One day in 1994 Richard Salomon, professor of Asian Languages and Literature at the University of Washington, received a small package in the mail. Inside were a number of blurry black and white photographs and an accompanying letter from the British Library asking if they might be of any interest.
Salomon started looking at the photos – first idly, and then with growing disbelief. “I could see pretty quickly they were the real deal.” The photos showed various inscriptions that were written on a series of scrolls – scrolls of bark that the British Library had been given by an anonymous donor, who in turn, had bought them from an anonymous buyer based somewhere in Pakistan.
The inscriptions Salomon saw were written in Gandhari, a middle Indo-Aryan language closely related to Sanskrit that was in use from the third century BC to the fourth century AD. It was hardly surprising that the British Library had come straight to him. Salomon was one of the few, the very few, people in the world who could read Gandhari – or at least read some of it. “I knew the basic grammar, but there were an awful lot of words that I didn’t know.”
Up until then Salomon had been working on the only known example of a Gandhari manuscript ever discovered – it’s also reckoned to be the oldest surviving example of an Indian text. This discovery, though, changed everything.
A few days later, Salomon flew to London to have a look for himself.
Because they’re written on bark, Gandhari manuscripts are much more fragile than anything on paper, or vellum. A French archaeologist who discovered some in the 1830s found that they literally crumbled to dust as soon as he touched them. Rolled up, the manuscripts Salomon saw resembled enormous cigars. Unrolled, some of them were more than 8ft long. As he gazed at them, something strange happened. “Literally, it was as if my life flashed before my eyes.” Straight away, Salomon realised that there was so much new material here he was going to be spending the rest of his career working on it. Sure enough, 20 years on, he’s still hard at it. “I know a lot more now than I did, but there’s still a long way to go.”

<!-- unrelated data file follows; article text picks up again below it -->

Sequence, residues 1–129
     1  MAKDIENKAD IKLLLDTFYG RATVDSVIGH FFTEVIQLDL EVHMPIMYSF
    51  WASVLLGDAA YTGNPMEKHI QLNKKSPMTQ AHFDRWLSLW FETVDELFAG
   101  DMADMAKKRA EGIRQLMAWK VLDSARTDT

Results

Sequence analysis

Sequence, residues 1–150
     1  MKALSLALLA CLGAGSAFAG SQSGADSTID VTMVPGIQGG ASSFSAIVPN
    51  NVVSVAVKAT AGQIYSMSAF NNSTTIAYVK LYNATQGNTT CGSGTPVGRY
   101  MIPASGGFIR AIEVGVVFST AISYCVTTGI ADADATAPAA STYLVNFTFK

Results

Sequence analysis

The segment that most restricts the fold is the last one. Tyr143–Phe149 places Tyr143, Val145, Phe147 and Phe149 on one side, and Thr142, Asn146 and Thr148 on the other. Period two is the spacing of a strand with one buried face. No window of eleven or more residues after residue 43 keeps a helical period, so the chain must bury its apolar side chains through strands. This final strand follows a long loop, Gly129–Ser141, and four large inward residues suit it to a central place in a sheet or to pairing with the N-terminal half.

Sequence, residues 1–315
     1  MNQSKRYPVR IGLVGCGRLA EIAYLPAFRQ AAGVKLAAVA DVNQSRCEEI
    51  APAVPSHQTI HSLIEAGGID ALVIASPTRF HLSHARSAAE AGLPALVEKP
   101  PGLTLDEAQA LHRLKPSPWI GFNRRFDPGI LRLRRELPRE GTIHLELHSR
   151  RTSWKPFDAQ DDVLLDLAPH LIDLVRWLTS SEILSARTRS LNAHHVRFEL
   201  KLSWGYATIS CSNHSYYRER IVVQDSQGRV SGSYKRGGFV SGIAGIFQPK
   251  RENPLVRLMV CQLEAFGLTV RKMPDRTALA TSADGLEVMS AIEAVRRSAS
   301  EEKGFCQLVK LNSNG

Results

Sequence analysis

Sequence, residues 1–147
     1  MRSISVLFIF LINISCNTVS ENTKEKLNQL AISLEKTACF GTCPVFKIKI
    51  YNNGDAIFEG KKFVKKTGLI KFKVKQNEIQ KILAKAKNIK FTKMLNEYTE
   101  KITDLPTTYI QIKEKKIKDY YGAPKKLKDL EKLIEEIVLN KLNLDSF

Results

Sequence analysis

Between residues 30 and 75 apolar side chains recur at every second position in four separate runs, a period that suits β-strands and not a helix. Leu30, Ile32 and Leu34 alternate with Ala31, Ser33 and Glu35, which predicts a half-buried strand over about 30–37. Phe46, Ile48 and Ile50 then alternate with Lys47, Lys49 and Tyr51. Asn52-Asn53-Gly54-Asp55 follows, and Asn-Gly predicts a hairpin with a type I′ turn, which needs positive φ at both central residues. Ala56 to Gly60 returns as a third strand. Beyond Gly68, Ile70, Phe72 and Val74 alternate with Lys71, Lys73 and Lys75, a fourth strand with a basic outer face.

A life further removed from today’s torrent of tweets, Facebook posts and 24-hour news is hard to imagine. For Salomon and the small band of scholars around the world dedicated to translating ancient languages, “status updates” happen only rarely and the internet’s fire hose of information is more or less irrelevant.
And while it’s easy to assume there are no longer any unknown languages left in the world, that they all gave up their secrets long ago, the truth is, there are lots of them. Several are well on the way to being deciphered, but others remain out of reach.
Read more: The Telegraph